As you might expect from a novel about burning books, there’s a whole lot of fire in Fahrenheit 451. We’re not just talking about the burning houses, either. When people are angry, they’re burning with rage inside. When Montag senses Clarisse’s presence, it’s because he feels body heat. When Granger and Co. pick themselves up after the bombing, we get the image of a phoenix rising up from the ashes. This imagery is all over the place.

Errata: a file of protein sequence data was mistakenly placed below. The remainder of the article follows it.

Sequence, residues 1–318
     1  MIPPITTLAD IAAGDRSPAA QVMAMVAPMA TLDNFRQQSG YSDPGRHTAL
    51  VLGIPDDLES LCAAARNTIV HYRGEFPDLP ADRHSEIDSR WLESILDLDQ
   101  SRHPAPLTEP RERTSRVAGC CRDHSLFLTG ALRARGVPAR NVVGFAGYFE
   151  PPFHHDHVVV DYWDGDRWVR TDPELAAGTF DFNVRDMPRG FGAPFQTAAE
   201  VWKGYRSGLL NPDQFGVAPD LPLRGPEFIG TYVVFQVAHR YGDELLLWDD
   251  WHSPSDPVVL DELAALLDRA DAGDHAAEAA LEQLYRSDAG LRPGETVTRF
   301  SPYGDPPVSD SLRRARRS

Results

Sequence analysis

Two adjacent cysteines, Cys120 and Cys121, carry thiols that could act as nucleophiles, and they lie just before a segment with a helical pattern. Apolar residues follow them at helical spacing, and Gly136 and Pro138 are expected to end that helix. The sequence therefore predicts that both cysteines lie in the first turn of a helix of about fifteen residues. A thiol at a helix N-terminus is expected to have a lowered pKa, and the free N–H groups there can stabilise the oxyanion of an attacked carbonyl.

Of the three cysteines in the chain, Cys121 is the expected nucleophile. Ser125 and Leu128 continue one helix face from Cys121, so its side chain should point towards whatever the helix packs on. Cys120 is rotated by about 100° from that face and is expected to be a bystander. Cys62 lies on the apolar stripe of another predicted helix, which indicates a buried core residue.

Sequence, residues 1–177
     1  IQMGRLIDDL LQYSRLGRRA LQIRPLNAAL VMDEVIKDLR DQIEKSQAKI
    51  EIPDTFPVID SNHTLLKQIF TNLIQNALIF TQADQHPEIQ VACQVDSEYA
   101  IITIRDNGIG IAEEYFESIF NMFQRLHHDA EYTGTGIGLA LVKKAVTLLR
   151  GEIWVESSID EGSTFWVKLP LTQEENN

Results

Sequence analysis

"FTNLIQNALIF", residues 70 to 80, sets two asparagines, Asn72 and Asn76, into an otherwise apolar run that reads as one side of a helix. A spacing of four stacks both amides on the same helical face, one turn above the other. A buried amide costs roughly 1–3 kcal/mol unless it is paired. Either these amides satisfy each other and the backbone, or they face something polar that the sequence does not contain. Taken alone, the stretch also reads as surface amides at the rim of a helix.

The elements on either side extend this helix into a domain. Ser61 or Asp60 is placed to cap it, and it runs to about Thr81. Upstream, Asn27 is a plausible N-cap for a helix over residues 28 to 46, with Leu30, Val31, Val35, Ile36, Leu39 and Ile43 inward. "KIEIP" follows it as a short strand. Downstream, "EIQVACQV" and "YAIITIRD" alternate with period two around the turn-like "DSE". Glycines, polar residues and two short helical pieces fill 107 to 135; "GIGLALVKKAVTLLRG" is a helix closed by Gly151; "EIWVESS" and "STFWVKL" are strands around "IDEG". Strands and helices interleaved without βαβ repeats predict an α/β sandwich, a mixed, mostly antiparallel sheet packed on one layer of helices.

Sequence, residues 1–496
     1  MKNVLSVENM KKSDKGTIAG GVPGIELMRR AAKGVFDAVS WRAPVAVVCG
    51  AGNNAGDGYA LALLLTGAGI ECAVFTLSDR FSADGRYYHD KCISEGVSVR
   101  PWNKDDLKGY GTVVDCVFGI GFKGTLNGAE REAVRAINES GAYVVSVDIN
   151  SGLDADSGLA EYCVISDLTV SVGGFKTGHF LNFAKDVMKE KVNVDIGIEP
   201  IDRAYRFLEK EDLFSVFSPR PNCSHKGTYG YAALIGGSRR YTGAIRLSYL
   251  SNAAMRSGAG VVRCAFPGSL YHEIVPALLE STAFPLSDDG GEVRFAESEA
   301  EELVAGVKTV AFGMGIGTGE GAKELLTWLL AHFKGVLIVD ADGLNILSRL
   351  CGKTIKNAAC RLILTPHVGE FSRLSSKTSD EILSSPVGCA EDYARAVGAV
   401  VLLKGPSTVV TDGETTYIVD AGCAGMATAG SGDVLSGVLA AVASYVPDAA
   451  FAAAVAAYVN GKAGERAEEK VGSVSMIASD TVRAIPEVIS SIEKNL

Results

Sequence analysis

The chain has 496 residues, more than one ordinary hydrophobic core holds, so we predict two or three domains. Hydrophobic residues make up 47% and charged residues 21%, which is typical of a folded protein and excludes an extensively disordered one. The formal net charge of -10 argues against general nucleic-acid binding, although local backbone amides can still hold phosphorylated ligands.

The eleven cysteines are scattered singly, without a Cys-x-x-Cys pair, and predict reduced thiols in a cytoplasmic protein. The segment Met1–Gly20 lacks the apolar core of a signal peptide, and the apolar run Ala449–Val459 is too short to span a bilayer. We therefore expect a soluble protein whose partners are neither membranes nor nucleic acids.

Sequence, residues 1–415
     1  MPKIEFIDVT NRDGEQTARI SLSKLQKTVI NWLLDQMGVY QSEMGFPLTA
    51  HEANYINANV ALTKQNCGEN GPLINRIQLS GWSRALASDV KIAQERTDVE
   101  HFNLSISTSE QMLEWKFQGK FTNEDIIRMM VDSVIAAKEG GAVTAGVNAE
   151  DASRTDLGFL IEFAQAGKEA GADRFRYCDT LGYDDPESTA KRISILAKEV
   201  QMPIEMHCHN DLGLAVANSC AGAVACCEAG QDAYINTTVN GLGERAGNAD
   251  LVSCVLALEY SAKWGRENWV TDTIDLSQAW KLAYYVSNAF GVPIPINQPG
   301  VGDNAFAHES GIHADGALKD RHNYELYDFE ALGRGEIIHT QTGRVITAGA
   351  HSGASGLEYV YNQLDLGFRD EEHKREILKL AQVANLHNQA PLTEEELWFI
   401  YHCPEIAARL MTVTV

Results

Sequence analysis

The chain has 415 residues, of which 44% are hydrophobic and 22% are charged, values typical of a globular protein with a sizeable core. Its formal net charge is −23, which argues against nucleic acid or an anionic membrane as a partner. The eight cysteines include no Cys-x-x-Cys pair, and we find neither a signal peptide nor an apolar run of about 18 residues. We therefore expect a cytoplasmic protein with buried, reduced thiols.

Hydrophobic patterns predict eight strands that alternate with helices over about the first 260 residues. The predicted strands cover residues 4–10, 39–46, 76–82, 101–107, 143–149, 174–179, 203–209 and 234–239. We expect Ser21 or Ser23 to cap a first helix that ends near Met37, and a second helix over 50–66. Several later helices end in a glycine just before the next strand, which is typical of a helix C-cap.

Fire seems to mean a lot of different things at different moments in Fahrenheit 451. Beatty and his fireman minions use it to destroy. But the woman whose house they burn interprets it another way: "Play the man, Master Ridley; we shall this day light such a candle, by God's grace, in England, as I trust shall never be put out." For her, it represents strength. Montag himself discovers an alternative use for fire at the end of the novel, when he realizes that it can warm instead of destroy. Like that whole cycle of life thing, fire has a constructive and destructive half. And like the books that are burned, each character in the novel is forced to interpret for themselves and confront contradictory perspectives – just like Beatty said about the books.